Month: January 2010 Page 2 of 3

Working and waiting for dreams

Savannah Day 3 039

The process is all so slow, as dreams are slow, as dreams suspend time like a balloon hung in midair. I want it all to happen now. I want whatever miracle I am party to, to prosper and grow: I want the dimensions of time that have been loosened from their foundations to entwine like a basketful of bright embroidery threads. But it seems that even for dreams, I have to work and wait.

– From Shoeless Joe by W.P. Kinsella

Living life without a safety net

First, thanks to everyone for your wonderful and supportive comments about the stories/scenes I recently posted! I’m so glad I put them out there, even though I was hesitant because they’re so rough. I have a tendency to blog about writing in general, as opposed to my writing specifically, but reading Kiersten and Natalie’s blogs made me realize that I should probably open up a bit. Because it’s fun to share (like secrets at a slumber party!) and your responses are so encouraging.

To that end, I have a confession to make: I’ve started a new book. I’m excited about it, so if you think it sounds stupid, please don’t tell me.

In a nutshell:

A twenty-something couple seeking adventure in order to revive their stale relationship gets more than they bargained for when they are whisked away to a strange and possibly dangerous other world.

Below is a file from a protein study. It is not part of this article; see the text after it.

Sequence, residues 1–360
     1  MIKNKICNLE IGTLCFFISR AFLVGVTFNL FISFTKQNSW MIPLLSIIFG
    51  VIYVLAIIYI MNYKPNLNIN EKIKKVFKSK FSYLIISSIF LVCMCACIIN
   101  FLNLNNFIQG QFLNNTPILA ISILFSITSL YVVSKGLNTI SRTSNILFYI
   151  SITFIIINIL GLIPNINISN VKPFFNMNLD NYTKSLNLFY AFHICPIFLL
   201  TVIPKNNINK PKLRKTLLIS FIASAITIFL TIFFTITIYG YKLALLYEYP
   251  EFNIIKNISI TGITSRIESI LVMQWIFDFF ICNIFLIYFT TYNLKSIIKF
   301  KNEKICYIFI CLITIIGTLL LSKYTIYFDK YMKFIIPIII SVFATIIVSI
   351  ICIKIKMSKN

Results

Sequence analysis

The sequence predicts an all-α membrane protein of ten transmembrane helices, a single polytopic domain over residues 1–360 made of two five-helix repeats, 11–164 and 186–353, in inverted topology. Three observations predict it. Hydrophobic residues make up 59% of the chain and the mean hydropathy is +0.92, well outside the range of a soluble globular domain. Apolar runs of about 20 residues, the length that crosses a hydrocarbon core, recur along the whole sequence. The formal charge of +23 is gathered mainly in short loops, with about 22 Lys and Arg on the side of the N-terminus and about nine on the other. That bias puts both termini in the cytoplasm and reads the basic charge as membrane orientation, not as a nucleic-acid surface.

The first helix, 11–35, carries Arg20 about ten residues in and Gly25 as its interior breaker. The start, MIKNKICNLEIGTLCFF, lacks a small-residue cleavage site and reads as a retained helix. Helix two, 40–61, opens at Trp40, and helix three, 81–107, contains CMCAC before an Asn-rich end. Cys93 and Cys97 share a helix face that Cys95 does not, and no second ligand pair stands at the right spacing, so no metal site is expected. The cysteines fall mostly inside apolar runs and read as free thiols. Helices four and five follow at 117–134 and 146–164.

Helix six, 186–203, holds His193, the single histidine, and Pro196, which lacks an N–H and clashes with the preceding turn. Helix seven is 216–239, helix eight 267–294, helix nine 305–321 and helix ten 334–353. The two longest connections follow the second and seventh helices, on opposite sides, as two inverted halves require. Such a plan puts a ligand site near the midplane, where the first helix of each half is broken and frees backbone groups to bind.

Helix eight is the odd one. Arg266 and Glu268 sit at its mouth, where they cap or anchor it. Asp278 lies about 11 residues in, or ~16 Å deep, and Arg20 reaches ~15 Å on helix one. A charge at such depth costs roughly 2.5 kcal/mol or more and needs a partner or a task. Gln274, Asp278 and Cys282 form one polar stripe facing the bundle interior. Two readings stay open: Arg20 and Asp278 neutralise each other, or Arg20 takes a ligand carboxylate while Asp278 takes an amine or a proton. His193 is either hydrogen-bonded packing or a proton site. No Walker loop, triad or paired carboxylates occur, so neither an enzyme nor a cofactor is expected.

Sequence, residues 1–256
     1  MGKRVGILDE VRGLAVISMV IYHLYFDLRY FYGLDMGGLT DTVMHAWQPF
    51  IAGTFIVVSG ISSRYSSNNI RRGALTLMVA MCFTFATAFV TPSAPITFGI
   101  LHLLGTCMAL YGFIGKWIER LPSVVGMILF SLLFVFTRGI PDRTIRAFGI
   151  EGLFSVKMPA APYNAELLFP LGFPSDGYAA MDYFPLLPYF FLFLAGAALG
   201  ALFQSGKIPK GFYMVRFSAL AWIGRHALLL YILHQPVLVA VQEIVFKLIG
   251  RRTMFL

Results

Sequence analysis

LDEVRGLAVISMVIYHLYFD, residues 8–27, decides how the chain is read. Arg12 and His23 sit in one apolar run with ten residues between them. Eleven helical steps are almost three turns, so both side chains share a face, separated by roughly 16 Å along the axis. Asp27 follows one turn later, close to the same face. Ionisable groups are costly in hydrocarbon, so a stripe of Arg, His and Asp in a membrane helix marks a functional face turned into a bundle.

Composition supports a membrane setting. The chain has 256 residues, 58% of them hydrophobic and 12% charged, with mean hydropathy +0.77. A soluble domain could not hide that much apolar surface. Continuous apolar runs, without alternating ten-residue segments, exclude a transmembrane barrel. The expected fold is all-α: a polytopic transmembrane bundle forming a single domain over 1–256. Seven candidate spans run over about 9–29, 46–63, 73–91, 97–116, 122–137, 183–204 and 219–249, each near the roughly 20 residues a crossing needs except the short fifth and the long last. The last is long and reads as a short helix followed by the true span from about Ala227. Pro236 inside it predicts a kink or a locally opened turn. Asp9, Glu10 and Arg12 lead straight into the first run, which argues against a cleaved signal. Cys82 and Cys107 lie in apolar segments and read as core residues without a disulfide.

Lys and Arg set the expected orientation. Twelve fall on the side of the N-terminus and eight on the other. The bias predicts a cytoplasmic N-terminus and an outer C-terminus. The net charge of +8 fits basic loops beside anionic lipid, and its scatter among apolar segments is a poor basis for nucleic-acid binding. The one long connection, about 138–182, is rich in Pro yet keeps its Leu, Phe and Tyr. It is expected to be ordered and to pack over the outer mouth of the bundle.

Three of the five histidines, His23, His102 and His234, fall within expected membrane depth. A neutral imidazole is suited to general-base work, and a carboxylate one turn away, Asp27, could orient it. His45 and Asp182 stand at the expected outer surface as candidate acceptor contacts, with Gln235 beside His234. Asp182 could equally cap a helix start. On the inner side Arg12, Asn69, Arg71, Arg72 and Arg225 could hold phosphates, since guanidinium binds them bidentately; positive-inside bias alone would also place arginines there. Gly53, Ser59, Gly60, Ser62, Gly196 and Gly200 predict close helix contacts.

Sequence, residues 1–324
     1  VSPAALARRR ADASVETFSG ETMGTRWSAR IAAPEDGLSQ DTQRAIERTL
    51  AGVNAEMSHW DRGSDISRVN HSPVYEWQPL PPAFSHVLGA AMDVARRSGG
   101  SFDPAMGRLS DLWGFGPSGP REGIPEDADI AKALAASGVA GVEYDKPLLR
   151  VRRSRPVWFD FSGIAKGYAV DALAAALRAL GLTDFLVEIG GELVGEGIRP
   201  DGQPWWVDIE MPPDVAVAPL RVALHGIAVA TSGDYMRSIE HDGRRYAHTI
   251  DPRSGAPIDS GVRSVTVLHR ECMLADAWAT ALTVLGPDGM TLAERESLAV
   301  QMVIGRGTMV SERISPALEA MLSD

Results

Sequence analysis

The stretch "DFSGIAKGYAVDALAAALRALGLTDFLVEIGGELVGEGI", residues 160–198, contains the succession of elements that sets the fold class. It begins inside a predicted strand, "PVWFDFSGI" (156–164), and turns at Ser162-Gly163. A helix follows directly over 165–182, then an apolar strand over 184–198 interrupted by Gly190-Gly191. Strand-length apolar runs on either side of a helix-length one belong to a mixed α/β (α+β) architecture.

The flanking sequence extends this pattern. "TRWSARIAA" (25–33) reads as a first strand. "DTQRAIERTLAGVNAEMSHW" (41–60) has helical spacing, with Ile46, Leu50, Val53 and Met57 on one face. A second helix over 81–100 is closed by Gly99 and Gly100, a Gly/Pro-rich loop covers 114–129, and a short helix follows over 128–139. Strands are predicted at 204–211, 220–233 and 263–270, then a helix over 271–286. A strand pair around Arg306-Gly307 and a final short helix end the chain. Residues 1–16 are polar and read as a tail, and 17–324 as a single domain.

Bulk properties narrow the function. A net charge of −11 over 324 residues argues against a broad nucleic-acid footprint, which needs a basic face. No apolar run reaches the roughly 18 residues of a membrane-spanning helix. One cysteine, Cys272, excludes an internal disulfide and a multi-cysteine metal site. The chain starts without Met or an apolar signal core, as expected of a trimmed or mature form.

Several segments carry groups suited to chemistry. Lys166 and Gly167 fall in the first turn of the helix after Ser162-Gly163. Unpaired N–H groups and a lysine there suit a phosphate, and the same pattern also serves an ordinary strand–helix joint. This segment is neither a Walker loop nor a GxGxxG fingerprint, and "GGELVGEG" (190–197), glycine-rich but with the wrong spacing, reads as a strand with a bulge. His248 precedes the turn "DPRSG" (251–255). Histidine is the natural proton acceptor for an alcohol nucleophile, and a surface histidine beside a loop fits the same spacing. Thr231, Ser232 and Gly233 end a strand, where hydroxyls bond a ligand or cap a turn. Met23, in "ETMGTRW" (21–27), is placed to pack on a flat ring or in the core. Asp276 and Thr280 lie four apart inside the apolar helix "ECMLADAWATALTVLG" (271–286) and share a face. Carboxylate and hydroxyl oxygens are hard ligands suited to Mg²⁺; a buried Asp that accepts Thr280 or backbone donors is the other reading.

Think Alice in Wonderland meets Princess Bride meets Spirited Away meets real life. Or something like that. I’m only 2,200 words in right now, but I’ve hit my word goal every day this week, so I’m feeling pretty good. I’m also going to employ alpha readers on this project, and it’s the first time I’ve ever had alphas (well, besides my thesis adviser Hilary Masters) so I’ll talk more about that next week.

In other news, my friend Julia has started blogging flash fiction once a week at 52 Tales. Julia is awesome, and a very talented writer! (We met at the Kenyon Review Writers Workshop.) Most of her current tales are about Austen Clark, a California lawyer who ran away to Micronesia for some mysterious reason involving a sawed off shotgun. There’s humor and adventure and even (I’m anticipating) a little romance. It’s like LOST, but without plane wrecks or polar bears or time travel or crazy conspiracies! In other words, not very much like LOST at all, except that it’s set on a cool island and is fabulous. Check it out.

Another friend, Mandy, recently blogged about how everyone’s pressuring her to get a backup plan. See, she recently quit her job to do freelance writing full-time, and apparently a lot of people think she’s going to fall on her @$$. What I love about Mandy is that she’s bold, so her response to those people was a big fat SO WHAT?